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Earthquake Hits Nevada; States around U.S. Reopening Economies; Medical Journal "The Lancet" Call for U.S. to Elect New President in 2020; Gov. Gretchen Whitmer (D-MI) is Interviewed About the Coronavirus Pandemic and the Michigan State Capitol Closed Amid Armed Protest. Aired 8-8:30a ET
Aired May 15, 2020 - 08:00 ET
THIS IS A RUSH TRANSCRIPT. THIS COPY MAY NOT BE IN ITS FINAL FORM AND MAY BE UPDATED.
JOHN BERMAN, CNN ANCHOR: Can ease those restrictions starting today. By Sunday, 48 of the 50 states in the country will be reopening at least partially.
The pace has become a flashpoint across the country, particularly in three key swing states. In Michigan, the state capital was shut down during protests from hundreds of heavily armed demonstrators. Michigan's governor joins us in just minutes.
ALISYN CAMEROTA, CNN ANCHOR: We do have some breaking news at this hour. A powerful earthquake struck just minutes ago in central Nevada. Initial reports are that it was a magnitude 6.4 quake with an epicenter between Reno and Las Vegas. There have been several strong aftershocks as well. We are seeing reports on social media that it was felt as far away as San Francisco. We've just go this video from a resident in Fresno, California, where you can see a chandelier swaying from the earthquake. So far no reports of damages or injuries, but of course, this is our early minutes. So we will bring you more on this as soon as we get it into our newsroom.
Right now the latest on coronavirus. Joining us is CNN's chief medical correspondent Dr. Sanjay Gupta. Sanjay, great to see you. It's going to be a big weekend. The weather is good in lots of places, and 48 out of 50 states are going to be easing at least partially their stay-at- home orders. Maybe we can pull up right now the map of a snapshot of where the country is right now in terms of the cases. Basically, what you'll see is that the majority of cases, so if you look at the tan color on your screen, those are the cases that have held steady over the past week. And then the green are the cases that have gone down, the states that have had cases go down significantly in some places, 10 to 50 percent.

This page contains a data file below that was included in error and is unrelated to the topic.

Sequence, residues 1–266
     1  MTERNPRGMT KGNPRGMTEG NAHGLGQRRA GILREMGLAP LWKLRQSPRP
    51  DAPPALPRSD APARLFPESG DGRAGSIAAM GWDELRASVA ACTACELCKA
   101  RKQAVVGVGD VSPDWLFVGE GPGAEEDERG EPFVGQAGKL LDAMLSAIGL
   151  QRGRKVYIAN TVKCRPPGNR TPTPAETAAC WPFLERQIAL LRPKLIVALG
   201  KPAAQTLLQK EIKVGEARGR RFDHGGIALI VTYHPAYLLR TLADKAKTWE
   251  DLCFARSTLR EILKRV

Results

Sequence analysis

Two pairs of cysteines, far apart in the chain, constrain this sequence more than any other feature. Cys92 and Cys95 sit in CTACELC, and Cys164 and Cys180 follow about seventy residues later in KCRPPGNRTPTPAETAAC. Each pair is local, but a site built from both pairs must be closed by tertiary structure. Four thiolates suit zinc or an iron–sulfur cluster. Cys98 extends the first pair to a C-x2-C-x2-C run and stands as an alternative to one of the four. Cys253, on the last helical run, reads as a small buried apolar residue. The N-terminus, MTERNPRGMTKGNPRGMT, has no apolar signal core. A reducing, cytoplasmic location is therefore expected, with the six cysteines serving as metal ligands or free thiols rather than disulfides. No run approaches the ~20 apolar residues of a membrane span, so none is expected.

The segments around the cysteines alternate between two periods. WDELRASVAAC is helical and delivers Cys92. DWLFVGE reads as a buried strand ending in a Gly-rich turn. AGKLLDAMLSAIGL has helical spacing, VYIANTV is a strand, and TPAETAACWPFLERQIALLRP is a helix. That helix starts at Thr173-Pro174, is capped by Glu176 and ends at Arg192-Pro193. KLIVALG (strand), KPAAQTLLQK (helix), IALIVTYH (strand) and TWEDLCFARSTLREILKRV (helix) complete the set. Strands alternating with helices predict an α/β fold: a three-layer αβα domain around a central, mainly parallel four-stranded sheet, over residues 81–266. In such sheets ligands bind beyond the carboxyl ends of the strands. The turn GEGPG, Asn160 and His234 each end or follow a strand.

So when you look at where we are in the country, and know what this weekend is going to open up, how do you see this?
SANJAY GUPTA, CNN CHIEF MEDICAL CORRESPONDENT: We follow these numbers day to day, and you look at some of these places that are now saying that they are greater than 50 percent downward decline, four or five days ago they had significant increases still. My point is that these numbers are still bouncing around quite a bit, which is why we when we say, when you look at the criteria that say we want a 14-day downward trend, that was enough of a trend to say, OK, we are definitely moving in that direction.
And even in those states, again, where you have seen day to day some significant downward trends, it's sort of reflection in the statistics. You have a big up day, and then you had a lower day which may be more in the line with the normal days. That could be a significant downward day, 50 percent downward day. But that's not really reflective of the trend.
So I guess, Alisyn, it makes me nervous still. There's a reason that the criteria existed. We won't see the impact of some of these reopening, as we've talked about, for some time. You look at that snapshot of the country right now, and you keep in mind, that is a snapshot in some ways from two weeks ago, right? It's like the light from a star that we're seeing just now, but it actually left that star a long time ago. That's what we're seeing. We want to see that continue. That would be great news if that continues. We've just got to make sure it continues for several more days still.